Ignorance and arrogance

For some people, there’s an arrogance about owning an investment property in one or more of Australia’s three biggest capital cities.

For many others, it is a huge void in knowledge about their own country – and a proper understanding of market fundamentals – that prevents them from ever considering investing in regional locations.

For Propertyology, our formal studies of Australian real estate history to the absolute nth degree have afforded us a great appreciation for properly evaluating risks and opportunities and (objectively) analysing all locations.

Spread across the eight states and territories, there are 110 Australian cities and towns each with a population of 20,000 or more. And a further 70 towns have more than 10,000 people.

Collectively, these 180 individual locations are akin to companies on the stock exchange for property investors.

While there are various regional locations which lack sufficient economic diversity for Propertyology to consider investing in them, many others – at the right time – will offer significantly more potential for capital growth and cash flow than the higher profile big, expensive cities.

We practice what we preach. Here’s an example of Propertyology’s buyer’s agent work

The winners were…

With a 64 percent increase in its median house price, the idyllic lifestyle location of Byron was a gold star performer over the 5-years ending December 2020. Byron is also (officially) home to Australia’s most expensive real estate so it was not a contender for our allocated $500,000 property investment challenge.

The Victorian wine region of Macedon (64 percent capital growth), Mornington Peninsula and Torquay (both 56 percent), Noosa and Shoalhaven (50 percent), Tweed and Kiama (40 percent) all performed better than 7 out of 8 capital cities. But they also failed the $500,000 housing affordability test.

Nestled in the north-east corner of Tasmania, the seaside municipality of Break O’Day (townships of St Helens and Scamander) was top of the pops with a 73 percent increase in its median house price in just 5-years.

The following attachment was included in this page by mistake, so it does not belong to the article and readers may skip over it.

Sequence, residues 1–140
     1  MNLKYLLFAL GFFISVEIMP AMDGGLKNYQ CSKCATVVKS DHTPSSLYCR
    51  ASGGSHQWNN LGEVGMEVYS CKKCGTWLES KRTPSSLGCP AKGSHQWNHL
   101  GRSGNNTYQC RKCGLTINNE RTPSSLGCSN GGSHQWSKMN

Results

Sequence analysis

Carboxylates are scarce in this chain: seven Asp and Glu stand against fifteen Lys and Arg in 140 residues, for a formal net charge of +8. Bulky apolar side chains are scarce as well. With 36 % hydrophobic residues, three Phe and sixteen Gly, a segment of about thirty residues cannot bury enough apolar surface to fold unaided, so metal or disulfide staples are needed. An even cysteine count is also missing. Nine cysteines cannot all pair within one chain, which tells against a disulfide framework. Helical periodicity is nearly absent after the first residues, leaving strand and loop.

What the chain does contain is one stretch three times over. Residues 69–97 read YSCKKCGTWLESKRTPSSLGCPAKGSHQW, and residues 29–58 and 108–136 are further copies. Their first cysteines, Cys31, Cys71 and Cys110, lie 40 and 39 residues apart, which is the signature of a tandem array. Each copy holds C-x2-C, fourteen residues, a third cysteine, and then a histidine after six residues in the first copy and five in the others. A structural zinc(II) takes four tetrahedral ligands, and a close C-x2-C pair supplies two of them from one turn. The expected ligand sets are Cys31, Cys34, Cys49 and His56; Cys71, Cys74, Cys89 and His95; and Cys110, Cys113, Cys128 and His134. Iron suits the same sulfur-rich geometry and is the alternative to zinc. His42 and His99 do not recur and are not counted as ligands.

For capital growth and rental income growth, Tasmania’s second and third largest cities, Launceston (40 percent capital growth) and Burnie (30 percent), performed better than every capital city other than Hobart, providing an important reminder that small-fish-are-sweeter.

Victorian locations featured heavily among the finalists with Wonthaggi (59 percent), Warragul (57 percent), Seymour (55 percent), and Colac (50 percent) right up there as Australia’s best performed property markets.

Geelong, Ballarat, East Gippsland, Swan Hill, Wangaratta, Shepparton and Mildura also produced a higher rate of capital growth than 7 out of 8 capital cities over the 5-years ending 2020. Ah, the opportunity cost of investor ignorance and arrogance!

For less than $500,000 and with more than double the rate of capital growth of Sydney, Brisbane and Adelaide, New South Wales also had various regional star performing property markets.

These included Batemans Bay (47 percent) and Cooma (42 percent). Meanwhile, Orange, Bega, Griffith, Goulburn, Coffs Harbour and Lithgow all had above 35 percent growth.

Make sure you win this next challenge…

As a full-time student of Australian property markets, I can promise you that the evidence of the last 5-years is not an isolated occurrence.

The specific locations that will be the best-performed property markets in any 5-year period will always change, but the winners often are not those with the highest profile. For one more example, the graphic below shows capital growth rates for detached houses during the 5-year period ending 2005.

The objective of every property investor must surely be to have a red-hot crack at investing in a location today that is among Australia’s best real estate performers over the next 5-years.

The consensus opinion is usually miles off the mark. Let this report be a great lesson for confusing online reading and groupthink with quality research and skilful analysis.

Propertyology are national buyer’s agents and Australia’s premier property market analyst. Every capital city and every non-capital city, Propertyology analyse fundamentals in every market, every day. We use this valuable research to help everyday Aussies to invest in strategically-chosen locations (literally) all over Australia. Like to know more? Contact us here.

We walk-the-walk. Here’s a recent example of our work for a client: